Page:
Italian power group Enel said it is considering a possible corporate reorganisation of its renewables assets in Chile.
The overhaul would involve simplifying the ownership structure of the group’s Chilean listed companies, Enel explained in a press statement. It would also include the integration of Chilean renewable assets held by another Enel Group company – Enel Green Power Latin America (EGP) – into Enel Chile.
Enel Green Power has 1.2 GW installed renewables capacity in Chile, making it the largest renewables player in the country. Of that total, 564 MW is wind capacity, 492 MW is solar and 92 MW is hydropower. It has also just started production at the 48-MW Cerro Pabellón project, South America’s first geothermal power plant.
A non-binding reorganisation proposal has been formulated by Enel Chile and was received by Enel in July, the Italian parent company added. It has now begun analysing the proposal, Enel added.
For the merger to go ahead, Enel Chile would have to increase its stake in Enel Generacion Chile to 75% from its current level of 60%, through a partial takeover bid. Such a bid would also require a capital increase, Enel said, although it did not specify how much it might be.
Enel Chile said in a separate statement that the restructuring plan has been conditionally approved by its parent company. The firm originally sent a private proposal to its parent company last month.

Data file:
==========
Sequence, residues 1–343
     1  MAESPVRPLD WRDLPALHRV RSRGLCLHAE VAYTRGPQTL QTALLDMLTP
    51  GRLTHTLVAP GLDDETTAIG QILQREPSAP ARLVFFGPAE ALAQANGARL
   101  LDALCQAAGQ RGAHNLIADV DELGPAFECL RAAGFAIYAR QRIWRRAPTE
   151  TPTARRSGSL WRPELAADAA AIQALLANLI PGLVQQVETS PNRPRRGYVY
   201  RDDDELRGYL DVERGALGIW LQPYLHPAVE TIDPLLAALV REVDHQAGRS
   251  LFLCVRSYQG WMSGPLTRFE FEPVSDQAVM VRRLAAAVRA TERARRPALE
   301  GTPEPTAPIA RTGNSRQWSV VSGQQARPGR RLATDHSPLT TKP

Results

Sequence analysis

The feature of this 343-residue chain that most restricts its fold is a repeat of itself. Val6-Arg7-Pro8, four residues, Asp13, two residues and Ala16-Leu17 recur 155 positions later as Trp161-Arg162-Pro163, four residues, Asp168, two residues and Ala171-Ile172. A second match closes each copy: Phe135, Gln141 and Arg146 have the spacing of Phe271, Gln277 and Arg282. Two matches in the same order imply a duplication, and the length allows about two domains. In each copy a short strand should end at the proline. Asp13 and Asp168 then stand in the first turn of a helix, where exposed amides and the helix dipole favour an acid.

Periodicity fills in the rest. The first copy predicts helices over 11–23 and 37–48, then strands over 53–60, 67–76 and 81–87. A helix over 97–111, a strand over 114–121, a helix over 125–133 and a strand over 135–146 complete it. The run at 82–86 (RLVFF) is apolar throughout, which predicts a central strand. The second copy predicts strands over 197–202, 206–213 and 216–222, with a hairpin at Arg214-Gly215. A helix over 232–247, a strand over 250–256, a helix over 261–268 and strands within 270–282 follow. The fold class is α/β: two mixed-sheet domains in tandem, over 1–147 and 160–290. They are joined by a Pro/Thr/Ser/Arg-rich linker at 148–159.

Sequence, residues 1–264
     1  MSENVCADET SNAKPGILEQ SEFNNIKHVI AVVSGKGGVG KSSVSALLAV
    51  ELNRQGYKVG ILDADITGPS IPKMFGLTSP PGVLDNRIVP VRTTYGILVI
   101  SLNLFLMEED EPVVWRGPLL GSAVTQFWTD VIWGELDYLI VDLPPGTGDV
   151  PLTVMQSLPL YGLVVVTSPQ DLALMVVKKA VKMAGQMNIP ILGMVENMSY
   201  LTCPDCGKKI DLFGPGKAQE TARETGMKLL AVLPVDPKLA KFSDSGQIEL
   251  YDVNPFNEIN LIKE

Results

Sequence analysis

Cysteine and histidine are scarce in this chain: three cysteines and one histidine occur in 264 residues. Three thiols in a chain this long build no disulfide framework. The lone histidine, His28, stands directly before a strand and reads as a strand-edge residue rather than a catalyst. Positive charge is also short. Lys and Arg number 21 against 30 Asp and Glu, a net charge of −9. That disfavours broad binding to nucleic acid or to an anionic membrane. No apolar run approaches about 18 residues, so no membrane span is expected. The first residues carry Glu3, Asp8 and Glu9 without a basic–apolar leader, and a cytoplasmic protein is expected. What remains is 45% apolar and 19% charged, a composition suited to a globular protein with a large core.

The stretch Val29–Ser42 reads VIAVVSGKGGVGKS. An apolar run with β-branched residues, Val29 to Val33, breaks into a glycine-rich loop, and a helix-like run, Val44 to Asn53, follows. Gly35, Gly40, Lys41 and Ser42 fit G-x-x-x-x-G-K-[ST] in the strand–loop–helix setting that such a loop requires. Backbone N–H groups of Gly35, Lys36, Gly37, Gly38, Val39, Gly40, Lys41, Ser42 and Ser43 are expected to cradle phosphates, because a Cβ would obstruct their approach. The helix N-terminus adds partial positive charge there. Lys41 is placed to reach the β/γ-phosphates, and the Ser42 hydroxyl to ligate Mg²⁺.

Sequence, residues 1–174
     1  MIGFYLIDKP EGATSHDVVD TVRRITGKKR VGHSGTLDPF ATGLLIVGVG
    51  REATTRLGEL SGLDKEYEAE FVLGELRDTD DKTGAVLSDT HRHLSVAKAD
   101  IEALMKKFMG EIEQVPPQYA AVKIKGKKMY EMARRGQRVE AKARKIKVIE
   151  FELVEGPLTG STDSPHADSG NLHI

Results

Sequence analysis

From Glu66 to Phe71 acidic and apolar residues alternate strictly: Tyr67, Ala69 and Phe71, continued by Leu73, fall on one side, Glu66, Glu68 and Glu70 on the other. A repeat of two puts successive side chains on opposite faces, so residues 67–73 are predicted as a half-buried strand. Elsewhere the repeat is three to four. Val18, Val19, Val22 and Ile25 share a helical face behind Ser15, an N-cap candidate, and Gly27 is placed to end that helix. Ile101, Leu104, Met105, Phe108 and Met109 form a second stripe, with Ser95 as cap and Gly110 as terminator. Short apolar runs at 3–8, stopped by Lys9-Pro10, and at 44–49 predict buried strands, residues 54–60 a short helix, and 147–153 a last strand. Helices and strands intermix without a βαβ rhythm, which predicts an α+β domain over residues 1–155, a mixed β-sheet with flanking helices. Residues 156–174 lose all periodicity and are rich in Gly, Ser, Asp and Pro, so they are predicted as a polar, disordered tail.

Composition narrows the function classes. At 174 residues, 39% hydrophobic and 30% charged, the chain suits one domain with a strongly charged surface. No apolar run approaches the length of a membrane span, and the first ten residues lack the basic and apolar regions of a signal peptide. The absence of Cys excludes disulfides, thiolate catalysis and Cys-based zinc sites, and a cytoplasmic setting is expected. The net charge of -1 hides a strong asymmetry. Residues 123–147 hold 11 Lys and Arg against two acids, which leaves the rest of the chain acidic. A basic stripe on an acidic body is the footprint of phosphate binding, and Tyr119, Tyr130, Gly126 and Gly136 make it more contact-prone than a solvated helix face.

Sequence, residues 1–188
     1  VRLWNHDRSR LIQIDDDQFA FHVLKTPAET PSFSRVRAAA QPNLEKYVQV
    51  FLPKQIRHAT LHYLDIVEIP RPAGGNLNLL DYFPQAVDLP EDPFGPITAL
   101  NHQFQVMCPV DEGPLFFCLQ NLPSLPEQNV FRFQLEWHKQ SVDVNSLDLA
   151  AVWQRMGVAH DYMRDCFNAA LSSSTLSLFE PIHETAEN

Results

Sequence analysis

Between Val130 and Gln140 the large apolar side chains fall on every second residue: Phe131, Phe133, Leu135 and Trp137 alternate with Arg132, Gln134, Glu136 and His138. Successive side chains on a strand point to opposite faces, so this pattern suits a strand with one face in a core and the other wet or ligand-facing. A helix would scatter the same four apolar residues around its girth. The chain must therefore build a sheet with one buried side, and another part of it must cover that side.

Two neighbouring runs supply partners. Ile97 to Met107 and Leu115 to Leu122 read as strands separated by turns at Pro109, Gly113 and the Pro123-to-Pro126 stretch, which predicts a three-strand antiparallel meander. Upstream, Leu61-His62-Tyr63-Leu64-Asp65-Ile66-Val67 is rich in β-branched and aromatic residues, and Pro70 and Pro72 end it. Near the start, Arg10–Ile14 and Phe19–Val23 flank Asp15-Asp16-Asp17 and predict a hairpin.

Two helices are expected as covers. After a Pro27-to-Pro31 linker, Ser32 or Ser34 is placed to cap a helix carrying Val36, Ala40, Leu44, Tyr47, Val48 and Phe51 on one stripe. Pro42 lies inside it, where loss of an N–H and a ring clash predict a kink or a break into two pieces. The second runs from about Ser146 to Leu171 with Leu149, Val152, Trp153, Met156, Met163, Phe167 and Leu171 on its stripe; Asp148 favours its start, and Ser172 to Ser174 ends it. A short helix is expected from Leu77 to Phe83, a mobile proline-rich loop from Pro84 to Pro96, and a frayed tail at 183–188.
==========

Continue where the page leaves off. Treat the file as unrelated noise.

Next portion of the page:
For the plan to go ahead, Enel has said it would need to be able to maintain a similar level of shareholder stake in Enel Chile as it has now.
“This operation aims to consolidate the leadership of Enel Chile in the national power generation industry, as the most competitive and diversified company in the market, said Herman Chadwick, president of Enel Chile. “It is a solution that gives the company new opportunities to grow as an operator of non-conventional renewable energy.”
Chile’s renewables market has boomed in recent years, with international developers like SunEdison and SunPower keen to take advantage of the Latin American country’s sunny climate, strong winds and robust economy.
Yet as solar installations have boomed in the ideal conditions of the Atacama, developers without fixed power purchase agreements (PPAs) have struggled as prices on the merchant market have tumbled. The linking of the country’s two discrete grid systems by the end of the year is expected to help increase market access and bolster demand.